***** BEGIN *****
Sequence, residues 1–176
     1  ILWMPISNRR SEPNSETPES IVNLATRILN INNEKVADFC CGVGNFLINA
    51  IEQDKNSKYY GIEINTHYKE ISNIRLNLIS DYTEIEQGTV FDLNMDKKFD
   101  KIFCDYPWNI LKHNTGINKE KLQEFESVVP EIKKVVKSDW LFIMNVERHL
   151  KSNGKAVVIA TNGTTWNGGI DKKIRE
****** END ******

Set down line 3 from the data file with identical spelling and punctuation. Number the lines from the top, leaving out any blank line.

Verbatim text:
    51  IEQDKNSKYY GIEINTHYKE ISNIRLNLIS DYTEIEQGTV FDLNMDKKFD